Inspired in part by oral histories of the people and cultures of Oceania, the Walt Disney Animation Studios feature Moana is a sweeping adventure about an adventurous teenager (voiced by newcomer Auli‘i Cravalho) who sails out on a daring mission to save her people. Equal parts brave and compassionate, the16-year-old daughter of the chief cannot deny how drawn she is to the ocean, so when she must journey out on her own to find Maui (voiced by Dwayne “The Rock” Johnson), demigod of the wind and sea, and save her people, she lets her strength and determination guide her.
During both a press conference and a 1-on-1 interview co-directors Ron Clements and John Musker (The Little Mermaid, Aladdin) talked about tackling their first CG feature, the research that went into bringing this culture to audiences, making the ocean a three-dimensional character, their hopes for Moana’s place among the other classic Disney characters, and the potential of further stories in this world.
JOHN MUSKER: We really didn’t know much about it. We loved the CG films we had seen, like Tangled and Frozen. The things they could do, we knew were amazing, particularly for this movie. We knew we wanted to do a living ocean, and to do that hand-drawn, it just wouldn’t have the effect that it has here. That also goes for all the fabrics and all of the texture of that world, and even the volumetric quality of that universe. The people’s faces have planes and with the landscape of those islands, it felt volumetric and not flat. They gave us tutorials, as they were getting into this, and they explained the pipeline and the jobs that exist, and how it goes from one thing to another. It wasn’t the path we were used to.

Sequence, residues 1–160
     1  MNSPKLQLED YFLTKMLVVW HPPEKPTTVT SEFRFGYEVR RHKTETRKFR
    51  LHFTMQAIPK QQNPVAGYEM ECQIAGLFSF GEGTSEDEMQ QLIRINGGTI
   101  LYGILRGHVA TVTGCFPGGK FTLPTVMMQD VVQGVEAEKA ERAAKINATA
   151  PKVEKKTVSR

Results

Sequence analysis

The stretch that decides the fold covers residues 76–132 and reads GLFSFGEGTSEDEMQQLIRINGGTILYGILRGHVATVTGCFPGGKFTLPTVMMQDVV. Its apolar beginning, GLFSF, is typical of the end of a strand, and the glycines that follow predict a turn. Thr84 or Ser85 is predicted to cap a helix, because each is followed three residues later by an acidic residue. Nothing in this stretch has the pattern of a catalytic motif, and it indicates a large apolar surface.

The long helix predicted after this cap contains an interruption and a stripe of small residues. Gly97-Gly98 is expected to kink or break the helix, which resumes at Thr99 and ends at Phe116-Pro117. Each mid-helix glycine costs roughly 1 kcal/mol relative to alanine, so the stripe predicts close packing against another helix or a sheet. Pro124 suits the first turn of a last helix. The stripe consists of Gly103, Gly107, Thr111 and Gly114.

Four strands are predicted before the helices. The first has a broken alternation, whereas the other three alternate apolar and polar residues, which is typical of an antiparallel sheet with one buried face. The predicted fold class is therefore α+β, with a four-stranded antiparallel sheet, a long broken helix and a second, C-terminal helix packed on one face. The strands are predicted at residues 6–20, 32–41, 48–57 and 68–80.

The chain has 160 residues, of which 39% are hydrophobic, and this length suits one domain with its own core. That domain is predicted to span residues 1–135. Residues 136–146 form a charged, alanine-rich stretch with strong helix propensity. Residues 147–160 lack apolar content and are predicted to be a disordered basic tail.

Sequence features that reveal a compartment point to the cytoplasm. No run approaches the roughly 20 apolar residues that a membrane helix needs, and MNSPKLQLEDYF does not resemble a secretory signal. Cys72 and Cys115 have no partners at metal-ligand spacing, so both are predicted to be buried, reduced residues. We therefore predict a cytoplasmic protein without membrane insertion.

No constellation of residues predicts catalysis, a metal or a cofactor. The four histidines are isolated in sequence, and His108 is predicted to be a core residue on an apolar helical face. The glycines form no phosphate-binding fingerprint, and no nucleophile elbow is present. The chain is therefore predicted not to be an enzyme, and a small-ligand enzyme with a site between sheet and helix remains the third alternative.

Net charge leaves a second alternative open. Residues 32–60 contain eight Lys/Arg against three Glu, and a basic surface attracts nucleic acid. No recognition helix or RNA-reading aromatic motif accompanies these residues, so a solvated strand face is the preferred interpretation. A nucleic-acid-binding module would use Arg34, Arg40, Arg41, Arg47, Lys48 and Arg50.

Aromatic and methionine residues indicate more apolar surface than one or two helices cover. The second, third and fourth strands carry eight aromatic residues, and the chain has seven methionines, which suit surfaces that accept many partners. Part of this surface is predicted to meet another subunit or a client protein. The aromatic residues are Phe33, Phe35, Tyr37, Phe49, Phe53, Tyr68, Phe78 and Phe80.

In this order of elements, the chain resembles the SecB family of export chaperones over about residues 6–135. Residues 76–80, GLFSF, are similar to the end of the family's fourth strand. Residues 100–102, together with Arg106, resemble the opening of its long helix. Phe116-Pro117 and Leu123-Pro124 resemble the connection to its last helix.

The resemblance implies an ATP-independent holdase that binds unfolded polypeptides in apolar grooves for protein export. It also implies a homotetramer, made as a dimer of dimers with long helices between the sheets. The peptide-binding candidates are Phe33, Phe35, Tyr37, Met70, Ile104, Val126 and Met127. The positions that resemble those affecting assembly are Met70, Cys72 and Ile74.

RON CLEMENTS: And that was important because that part of it is really different. Things like scripting, story and voice recording are all the same. But, the production process is significantly different. It’s more complicated. It’s simpler in hand drawing. You’ve got layout, rough animation, clean-up animation, animation with effects, and final with color. It’s very easy to tell the difference in each stage. There are definite steps forward. It’s all over the place in digital. You’re seeing things, back and forth, in so many different stages. You’re seeing scenes where you’re only supposed to be focused on one specific aspect of what you’re looking at and you have to trust that other things will be what they’re supposed to be. It’s complicated.
MUSKER: In some ways, the scariest thing was working with CG character animation. It’s not just changing the technique, but we had worked with the same animators, over a number of years. This is a whole different group of people, so we relied heavily on our heads of animation, who knew the talents of these people, and then we got to know them. Now, I know these 90 animators that do it and I’m unbelievably impressed with how they do it. A lot of them are younger, in their 20s and 30s, and they’ll say things like, “I got into animation because I saw The Little Mermaid when I was eight.” It’s great to hear that. And then, they say, “And I get to work on a movie with you old guys!”